The main attraction is wandering around the island itself. That, or paying too much for food and drinks at one of the cafes. We spent our four hours exploring trails and crumbling buildings. The highlight turned out to checking out tide pools where jagged sections of limestone vanish into the sea. The cracks in the rock wear down much faster than the surrounding stone and make interesting (and photogenic) pools and channels for sea creatures to hide in. Fish and small crabs were the most lively occupants. I was hoping for starfish, but didn’t manage to find any.

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Fort Royal’s interior, Dubrovnik through the trees.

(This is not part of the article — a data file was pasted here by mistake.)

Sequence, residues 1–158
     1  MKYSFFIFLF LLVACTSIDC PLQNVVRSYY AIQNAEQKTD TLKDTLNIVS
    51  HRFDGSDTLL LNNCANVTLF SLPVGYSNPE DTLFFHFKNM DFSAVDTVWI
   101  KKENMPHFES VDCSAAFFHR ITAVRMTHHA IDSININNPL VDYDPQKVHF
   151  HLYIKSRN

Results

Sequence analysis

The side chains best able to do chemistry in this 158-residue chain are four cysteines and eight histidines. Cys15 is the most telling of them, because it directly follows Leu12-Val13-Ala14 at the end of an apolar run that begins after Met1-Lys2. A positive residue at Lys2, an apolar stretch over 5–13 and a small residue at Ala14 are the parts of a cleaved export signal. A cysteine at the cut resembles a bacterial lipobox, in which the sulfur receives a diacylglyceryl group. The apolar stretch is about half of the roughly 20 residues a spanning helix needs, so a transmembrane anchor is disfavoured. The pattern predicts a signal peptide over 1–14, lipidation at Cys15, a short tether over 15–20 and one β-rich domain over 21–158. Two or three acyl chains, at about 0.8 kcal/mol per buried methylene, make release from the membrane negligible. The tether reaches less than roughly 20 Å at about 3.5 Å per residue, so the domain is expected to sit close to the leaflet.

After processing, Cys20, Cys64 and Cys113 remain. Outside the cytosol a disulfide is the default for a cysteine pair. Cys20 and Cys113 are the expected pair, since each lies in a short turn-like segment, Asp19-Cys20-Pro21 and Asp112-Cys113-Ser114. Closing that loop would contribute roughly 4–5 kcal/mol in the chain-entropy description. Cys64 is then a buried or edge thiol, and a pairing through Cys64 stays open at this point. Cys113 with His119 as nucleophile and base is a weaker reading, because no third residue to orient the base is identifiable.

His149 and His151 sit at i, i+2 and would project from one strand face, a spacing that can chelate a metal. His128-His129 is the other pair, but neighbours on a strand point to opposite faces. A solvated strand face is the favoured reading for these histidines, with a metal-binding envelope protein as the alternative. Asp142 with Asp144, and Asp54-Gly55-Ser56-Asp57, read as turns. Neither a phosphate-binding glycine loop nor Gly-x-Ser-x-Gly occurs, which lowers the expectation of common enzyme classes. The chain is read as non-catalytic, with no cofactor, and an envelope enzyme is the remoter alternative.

Much of the monastery was off-limits for restoration, but a small museum in its wings remained open. It houses a replica of the Iron Throne. We took all the requisite pictures of ourselves seated in it trying to look kingly and evil.

Fort Royal, built by Napoleon’s troops, is now surrounded by trees blocking some of the view. Still, from the top of the tower we could see most Dubrovnik’s walls and miles of mountains sloping down to the Croatian coast.

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A pointy chair fictional people are always fighting over, cave along the shoreline, bunnies & fire hoses.